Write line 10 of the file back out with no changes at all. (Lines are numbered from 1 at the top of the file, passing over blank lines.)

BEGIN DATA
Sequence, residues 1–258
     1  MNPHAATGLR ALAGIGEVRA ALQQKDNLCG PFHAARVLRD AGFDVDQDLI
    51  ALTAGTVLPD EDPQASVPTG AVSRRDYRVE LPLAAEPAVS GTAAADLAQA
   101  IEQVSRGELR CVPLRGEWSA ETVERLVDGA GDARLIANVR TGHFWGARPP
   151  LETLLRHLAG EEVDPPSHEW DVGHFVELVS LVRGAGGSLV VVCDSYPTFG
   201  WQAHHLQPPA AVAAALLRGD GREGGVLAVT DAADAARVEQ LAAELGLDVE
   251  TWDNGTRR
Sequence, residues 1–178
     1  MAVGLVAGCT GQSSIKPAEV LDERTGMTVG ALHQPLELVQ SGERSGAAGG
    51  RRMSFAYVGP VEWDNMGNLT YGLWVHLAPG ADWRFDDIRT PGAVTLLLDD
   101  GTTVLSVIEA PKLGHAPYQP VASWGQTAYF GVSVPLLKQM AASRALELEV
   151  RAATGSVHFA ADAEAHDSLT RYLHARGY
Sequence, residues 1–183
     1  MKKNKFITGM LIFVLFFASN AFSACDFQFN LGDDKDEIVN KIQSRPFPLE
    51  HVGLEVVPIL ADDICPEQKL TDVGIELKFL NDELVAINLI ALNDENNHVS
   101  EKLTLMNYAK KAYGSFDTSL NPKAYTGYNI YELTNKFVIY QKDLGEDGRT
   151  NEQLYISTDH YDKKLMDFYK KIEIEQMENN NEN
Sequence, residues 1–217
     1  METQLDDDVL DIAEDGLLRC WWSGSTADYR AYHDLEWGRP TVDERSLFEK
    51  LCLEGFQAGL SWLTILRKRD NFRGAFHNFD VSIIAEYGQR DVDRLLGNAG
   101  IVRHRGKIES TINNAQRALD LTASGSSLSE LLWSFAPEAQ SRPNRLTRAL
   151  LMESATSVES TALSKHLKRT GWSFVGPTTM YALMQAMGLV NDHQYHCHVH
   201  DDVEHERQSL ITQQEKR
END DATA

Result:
    51  RRMSFAYVGP VEWDNMGNLT YGLWVHLAPG ADWRFDDIRT PGAVTLLLDD